JBN: – There’s a two-way relationship between audience and artist; you’re okay with giving the people what they want?

JS: – I try not to think about that when I’m working on a chart.  I hope the band will like it enough to play it well.  If that happens, then I just hope there’s an audience who will appreciate the joy of collaboration and that band camaraderie.  And not talk during the quiet parts.

JBN: – Please any memories from gigs, jams, open acts and studio sessions which you’d like to share with us?

JS: – It was toward the end of our third public performance.  We’d been rehearsing a challenging book for a few years at this point.  In the middle of one tune, I realized that material we had worked very hard on was now happening very naturally and easily with the band.  Instead of shoulders all tensed up, this was a relaxed band playing with a comfortable intensity.  It was surely a gradual development, but once I was aware of it, a satisfying one.

JBN: – How can we get young people interested in jazz when most of the standard tunes are half a century old?

JS: – I don’t know.  I’d be thrilled if a few more middle-aged people were interested!

JBN: – John Coltrane said that music was his spirit. How do you understand the spirit and the meaning of life?

JS: – It can’t be put any more eloquently than how Trane is quoted here.  I am grateful to wake up every morning with a purpose.  To be able to find ways to indulge that drive and share the ideas, communicate that gratitude is a blessing.  So, in a word, gratitude.

JBN: – If you could change one thing in the musical world and it would become a reality, what would that be?

JS: – Here in New York, even in the best of times I see extraordinarily talented men and women have to make extraordinary sacrifices – just to get through the week as working musicians.  Maybe it’s not for me to say, but I would guess that our culture does not place the same value on their dedication and talent that those of us within our small community do.  So if there were one thing I could change, this would be it: New York’s hard-working musicians, many of whom are friends who have performed or rehearsed with Schapiro17, would enjoy so much respect and esteem from the culture at large that they would never be driven or tempted to question their decisions to spend their lives making music.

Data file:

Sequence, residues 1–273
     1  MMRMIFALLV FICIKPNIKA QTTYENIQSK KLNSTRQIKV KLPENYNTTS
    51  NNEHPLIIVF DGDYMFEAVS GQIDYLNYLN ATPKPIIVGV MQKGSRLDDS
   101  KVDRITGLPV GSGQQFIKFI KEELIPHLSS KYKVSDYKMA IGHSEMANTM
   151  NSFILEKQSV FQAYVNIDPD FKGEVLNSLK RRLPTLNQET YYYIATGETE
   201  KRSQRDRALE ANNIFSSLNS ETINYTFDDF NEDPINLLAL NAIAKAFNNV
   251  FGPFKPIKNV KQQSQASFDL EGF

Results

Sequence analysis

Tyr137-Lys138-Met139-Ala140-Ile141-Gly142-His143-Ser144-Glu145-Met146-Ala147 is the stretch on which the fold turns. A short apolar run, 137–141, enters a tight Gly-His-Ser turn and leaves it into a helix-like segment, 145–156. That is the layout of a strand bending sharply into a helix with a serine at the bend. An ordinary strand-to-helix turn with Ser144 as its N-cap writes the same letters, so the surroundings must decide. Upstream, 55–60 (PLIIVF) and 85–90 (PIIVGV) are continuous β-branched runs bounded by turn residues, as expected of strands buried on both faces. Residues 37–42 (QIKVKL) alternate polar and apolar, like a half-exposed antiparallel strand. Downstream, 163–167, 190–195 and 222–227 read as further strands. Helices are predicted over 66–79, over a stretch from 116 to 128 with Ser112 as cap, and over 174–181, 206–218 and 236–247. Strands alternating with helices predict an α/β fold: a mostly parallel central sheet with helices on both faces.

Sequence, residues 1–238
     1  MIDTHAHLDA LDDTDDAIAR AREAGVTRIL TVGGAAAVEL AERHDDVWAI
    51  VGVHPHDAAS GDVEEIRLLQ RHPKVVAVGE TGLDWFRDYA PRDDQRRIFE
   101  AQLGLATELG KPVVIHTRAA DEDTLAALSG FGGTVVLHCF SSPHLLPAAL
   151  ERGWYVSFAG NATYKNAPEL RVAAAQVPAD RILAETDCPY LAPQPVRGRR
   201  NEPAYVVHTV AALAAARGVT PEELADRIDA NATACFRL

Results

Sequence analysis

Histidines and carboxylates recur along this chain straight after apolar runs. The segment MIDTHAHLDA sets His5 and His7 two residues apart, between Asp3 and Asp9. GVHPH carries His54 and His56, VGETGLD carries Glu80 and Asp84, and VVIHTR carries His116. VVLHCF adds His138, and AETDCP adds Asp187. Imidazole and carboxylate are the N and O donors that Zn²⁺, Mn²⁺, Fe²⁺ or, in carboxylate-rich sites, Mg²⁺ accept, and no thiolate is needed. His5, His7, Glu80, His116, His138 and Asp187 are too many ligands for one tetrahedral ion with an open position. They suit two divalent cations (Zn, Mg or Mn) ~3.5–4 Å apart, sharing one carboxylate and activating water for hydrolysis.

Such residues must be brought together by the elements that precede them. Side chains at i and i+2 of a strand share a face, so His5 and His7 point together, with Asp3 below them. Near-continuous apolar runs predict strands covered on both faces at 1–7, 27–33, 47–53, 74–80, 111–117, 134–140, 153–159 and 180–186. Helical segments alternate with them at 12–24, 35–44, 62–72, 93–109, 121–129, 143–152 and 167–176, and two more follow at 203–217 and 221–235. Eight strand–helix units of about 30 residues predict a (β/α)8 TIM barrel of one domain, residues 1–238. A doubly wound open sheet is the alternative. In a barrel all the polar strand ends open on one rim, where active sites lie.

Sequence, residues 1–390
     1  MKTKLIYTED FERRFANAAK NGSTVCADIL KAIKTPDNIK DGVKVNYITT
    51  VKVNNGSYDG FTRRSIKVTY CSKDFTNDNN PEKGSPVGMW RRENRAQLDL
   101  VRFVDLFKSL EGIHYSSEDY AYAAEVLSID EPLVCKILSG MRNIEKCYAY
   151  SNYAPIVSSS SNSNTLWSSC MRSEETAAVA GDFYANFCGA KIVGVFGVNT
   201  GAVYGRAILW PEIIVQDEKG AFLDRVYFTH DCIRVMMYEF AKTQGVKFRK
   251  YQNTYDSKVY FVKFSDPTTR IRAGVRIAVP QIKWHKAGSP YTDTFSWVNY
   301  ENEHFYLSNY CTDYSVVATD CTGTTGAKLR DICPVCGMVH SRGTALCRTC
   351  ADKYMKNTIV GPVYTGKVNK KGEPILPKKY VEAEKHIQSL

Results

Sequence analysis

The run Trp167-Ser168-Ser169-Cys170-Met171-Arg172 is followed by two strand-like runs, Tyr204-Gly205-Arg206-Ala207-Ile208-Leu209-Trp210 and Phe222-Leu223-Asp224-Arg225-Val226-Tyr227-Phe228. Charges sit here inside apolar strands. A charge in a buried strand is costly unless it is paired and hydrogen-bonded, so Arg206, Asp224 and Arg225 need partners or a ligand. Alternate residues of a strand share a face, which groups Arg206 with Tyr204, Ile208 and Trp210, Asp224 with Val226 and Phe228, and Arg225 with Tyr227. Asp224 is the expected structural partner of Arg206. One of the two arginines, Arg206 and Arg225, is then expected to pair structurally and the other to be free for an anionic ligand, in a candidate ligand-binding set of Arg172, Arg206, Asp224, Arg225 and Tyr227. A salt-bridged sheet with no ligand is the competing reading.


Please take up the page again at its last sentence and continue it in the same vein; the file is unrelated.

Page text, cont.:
JBN: – Who do you find yourself listening to these days?

JS: – Every day is different.  But in the last seven days it’s been Monk, Roberta Piket’s new solo piano recording, Bach, Duke, Dave Douglas, Haydn, Arturo O’Farrill’s big band, Art Blakey, the Berg Violin Concerto, and Oliver Nelson’s writing in a number of contexts.

JBN: – What is the message you choose to bring through your music?

JS: – I’ve never thought too much about that.  If I had a specific message in mind, someone getting anything else out of it would make the whole thing a failure.  I really just hope people will put on the recording or come hear us live and be glad they did.

JBN: – Let’s take a trip with a time machine, so where and why would you really wanna go?

JS: – That’s easy.  I’d like to move ahead six months or so, to a time when I can call another rehearsal and see my 17 favorite musicians in person again.

JBN: – I have been asking you so far, now may I have a question from yourself…

JS: – Sure!  What is it that moves you about your favorite music?  What happens in music that you end up glad to have spent an hour with it?

JBN: – For me, Jazz rep – the bad! Of course, jazz, classic, blues, soul, rock musics …

JBN: – So putting that all together, how are you able to harness that now?

JS: – I don’t have a plan.  Tonight I’ll look at the score I’m working on and think about how it might sound better.  Tomorrow morning I’ll look over the whole thing and ask myself if it’s ready to pass out to the band at a rehearsal.  It’s not complicated.

Interview by Simon Sargsyan

На изображении может находиться: 17 человек, в том числе Jon Schapiro, Nick Grinder и Roberta Piket, люди улыбаются, люди сидят и в помещении